The good ol’ Plan, Do, Check and Act (PDCA), who hasn’t heard about it? A managerial concept as old as the road to Methusalem it seems. We make a plan, we execute the plan, during the execution we keep a close eye on the ball and of course we take corrective action when things do not go according to the plan. Easy! When teams start improvement initiatives it seems as if immediately we are flooded by action lists, Gantt charts and project meetings. But is it really that easy? In fact, when taking a closer look and with a Lean eye, the plan in fact comprises two plans: the plan as a hypothesis and the plan as the actions to be taken to implement and evaluate the hypothesis; the plan within the plan as it were. “I beg your pardon?”
Surely this is the Plan?
I am sure you have been there before. An organization is having a problem in one of its operations and you have been asked to deal with it (i.e., eliminate or at least reduce it). You immediately get to work on the issue. One of the first things you probably do? Right: you need a plan! So you get together with he people involved and start brainstorming about the tasks, the interdependencies and sequence of actions, the time it all will take and of course the required resources. Next, this plan will be the key document in the project meetings that subsequently need to be put in the agenda. In those meetings we’ll make sure that the project will stay on track.
But very often I notice that teams do not go beyond this understanding of a “plan”. They lose themselves in the aspects of progress compared to plan, timeliness and budgets. Most of the project meetings are about reasons why the project is delayed, why the budget will not suffice and what the corresponding corrective actions should be. But is that really what is was about in the first place?
The Real Plan
Form a Lean perspective, the previous plan, however, isn’t the real plan. The real plan in PDCA is the hypothesis about how the team thinks to eliminate the problem, to eliminate the obstacle that is in the way on the road to a better target condition or future state. This plan is about the contents in the sense that it formulates countermeasures that will eliminate the root causes of the problem or obstacle. And that we need an action plan in order to deploy those countermeasures is fine, but the real plan – the one which it is all about – is of course the plan with which the team thinks to eliminate the problem. In this way, the action plan can be see as the plan within the plan as it were.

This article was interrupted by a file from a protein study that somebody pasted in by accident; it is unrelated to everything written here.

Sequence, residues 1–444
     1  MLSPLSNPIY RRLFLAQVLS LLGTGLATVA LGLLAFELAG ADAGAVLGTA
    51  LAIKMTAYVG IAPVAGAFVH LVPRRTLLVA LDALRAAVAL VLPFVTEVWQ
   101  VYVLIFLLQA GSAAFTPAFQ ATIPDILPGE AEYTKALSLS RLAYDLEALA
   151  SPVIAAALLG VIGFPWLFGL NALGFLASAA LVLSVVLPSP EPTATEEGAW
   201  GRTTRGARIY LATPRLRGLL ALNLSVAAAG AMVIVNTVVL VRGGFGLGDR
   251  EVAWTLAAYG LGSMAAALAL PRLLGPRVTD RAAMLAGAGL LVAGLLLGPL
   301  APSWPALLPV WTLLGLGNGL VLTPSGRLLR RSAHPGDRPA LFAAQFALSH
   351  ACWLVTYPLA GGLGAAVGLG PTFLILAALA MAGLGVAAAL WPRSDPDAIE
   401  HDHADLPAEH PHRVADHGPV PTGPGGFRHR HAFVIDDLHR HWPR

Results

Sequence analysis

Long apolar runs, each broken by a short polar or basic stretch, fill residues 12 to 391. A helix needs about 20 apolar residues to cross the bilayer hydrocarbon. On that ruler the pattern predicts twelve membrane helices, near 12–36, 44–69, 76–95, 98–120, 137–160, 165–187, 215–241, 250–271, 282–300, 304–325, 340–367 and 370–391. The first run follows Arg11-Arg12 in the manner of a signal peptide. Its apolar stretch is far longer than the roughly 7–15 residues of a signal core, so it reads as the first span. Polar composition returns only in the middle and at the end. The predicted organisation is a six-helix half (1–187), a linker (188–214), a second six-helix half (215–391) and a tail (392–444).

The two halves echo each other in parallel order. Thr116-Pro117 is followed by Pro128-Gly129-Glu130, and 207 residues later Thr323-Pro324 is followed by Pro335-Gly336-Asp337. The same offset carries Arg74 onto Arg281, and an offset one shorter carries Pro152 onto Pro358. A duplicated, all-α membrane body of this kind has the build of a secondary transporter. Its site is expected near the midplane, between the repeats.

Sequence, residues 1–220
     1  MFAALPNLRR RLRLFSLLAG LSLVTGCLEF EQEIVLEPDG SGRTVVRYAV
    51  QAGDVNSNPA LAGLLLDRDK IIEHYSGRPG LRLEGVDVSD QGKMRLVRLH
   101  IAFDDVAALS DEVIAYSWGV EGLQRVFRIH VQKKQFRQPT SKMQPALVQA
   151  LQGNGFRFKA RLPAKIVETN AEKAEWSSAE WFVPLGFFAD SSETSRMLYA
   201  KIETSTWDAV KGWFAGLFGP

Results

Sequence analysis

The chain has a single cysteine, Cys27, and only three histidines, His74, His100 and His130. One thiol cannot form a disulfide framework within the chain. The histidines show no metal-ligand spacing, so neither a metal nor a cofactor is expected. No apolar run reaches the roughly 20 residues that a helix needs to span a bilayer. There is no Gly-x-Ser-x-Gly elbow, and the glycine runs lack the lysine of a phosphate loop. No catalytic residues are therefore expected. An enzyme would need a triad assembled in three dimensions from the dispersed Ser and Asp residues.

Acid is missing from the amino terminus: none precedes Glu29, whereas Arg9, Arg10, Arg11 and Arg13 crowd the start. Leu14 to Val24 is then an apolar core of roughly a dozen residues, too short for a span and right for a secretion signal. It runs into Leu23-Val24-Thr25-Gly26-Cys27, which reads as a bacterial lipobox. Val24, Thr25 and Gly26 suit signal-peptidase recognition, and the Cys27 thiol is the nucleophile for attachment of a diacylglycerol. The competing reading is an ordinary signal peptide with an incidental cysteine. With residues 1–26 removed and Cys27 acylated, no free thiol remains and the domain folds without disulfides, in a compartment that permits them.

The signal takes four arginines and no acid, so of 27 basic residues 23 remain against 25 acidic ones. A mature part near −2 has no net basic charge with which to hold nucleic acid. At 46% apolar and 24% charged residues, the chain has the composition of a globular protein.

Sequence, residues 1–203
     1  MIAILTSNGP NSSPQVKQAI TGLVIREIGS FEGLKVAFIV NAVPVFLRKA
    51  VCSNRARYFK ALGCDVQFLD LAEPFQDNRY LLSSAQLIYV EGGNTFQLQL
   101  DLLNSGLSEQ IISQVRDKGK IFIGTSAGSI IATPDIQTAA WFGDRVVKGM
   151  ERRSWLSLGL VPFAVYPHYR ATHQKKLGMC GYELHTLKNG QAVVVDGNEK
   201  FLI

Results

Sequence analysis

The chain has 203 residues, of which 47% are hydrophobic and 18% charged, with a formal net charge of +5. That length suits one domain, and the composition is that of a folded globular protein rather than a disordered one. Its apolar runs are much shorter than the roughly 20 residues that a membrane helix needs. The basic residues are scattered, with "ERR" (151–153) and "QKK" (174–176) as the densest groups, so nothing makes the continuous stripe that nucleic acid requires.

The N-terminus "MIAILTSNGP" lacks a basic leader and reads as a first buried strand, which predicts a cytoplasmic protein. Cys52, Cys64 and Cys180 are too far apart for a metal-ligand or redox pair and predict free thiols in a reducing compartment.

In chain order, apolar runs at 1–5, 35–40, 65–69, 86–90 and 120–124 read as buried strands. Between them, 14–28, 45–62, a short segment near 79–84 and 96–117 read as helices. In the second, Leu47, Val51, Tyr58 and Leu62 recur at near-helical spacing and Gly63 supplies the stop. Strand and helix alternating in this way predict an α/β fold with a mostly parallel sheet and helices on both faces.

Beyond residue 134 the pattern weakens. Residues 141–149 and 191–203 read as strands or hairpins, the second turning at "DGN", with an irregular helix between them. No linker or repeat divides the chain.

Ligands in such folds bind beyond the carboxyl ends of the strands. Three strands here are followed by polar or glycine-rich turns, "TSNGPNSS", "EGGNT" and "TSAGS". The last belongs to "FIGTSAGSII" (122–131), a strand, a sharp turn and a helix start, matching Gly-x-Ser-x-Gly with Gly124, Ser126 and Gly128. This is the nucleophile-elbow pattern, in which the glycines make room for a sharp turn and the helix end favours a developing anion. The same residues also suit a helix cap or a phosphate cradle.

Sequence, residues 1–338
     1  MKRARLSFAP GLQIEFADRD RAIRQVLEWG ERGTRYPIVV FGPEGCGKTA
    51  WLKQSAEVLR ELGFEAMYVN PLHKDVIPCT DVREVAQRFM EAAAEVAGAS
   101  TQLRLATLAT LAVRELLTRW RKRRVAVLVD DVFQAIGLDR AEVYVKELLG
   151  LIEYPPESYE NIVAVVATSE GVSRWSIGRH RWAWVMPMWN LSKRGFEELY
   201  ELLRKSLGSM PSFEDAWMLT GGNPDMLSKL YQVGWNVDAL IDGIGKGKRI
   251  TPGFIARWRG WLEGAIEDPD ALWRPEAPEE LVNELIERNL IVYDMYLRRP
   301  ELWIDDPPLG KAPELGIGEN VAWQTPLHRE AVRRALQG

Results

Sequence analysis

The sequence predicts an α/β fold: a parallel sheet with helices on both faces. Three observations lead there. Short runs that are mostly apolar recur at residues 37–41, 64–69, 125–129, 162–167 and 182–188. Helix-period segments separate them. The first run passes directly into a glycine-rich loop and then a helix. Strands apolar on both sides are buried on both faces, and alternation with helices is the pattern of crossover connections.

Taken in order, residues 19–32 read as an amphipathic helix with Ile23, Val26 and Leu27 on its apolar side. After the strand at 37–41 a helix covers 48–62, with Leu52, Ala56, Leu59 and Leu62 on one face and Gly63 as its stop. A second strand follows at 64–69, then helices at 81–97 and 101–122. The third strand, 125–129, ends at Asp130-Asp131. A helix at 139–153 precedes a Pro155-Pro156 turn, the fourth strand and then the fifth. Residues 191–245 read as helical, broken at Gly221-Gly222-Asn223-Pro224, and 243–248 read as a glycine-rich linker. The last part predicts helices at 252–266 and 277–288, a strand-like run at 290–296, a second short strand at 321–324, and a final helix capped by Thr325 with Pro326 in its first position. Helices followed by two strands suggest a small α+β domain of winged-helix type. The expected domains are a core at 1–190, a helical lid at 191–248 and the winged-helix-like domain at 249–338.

This also is the reason why many Lean adepts prefer to speak of Plan, Do, Study, Act (PDSA) instead of Plan, Do, Check, Act (PDCA). The word study better conveys the idea that it is about a thorough analysis of the deployment, effectiveness and consequences of the proposed and deployed countermeasures. And that is a lot more than just following up on deadlines! W. Edwards Deming also sketched the well-known Shewhart cycle with the word “Study” instead of “Check”. In a previous blog post (see The Broken PDSA Cycle) I have written about this before.
But Wait, a Plan is still a Plan, isn’t it?
But isn’t the action plan also a plan in the end? Sure, of course the plan within the plan is also a plan. This means that the action plan is also a hypothesis. A hypothesis that lays down the way in which the foreseen obstacles during the deployment of the countermeasures can be overcome. And yes, also these aspects of the plan can and should be studied during the Study phase to learn where things go wrong when the proposed countermeasures are not deployed correctly, timely and cost-effectively. Teams can (and should) also learn from this so that future countermeasures will be deployed more productively.
In short, just as there exists a plan within a plan, organizations can (and should) learn from studying the way work works, as from studying the way in which we actually try to improve the way work works. I am convinced that on both levels of learning, there is still a lot to be learned. What do you think?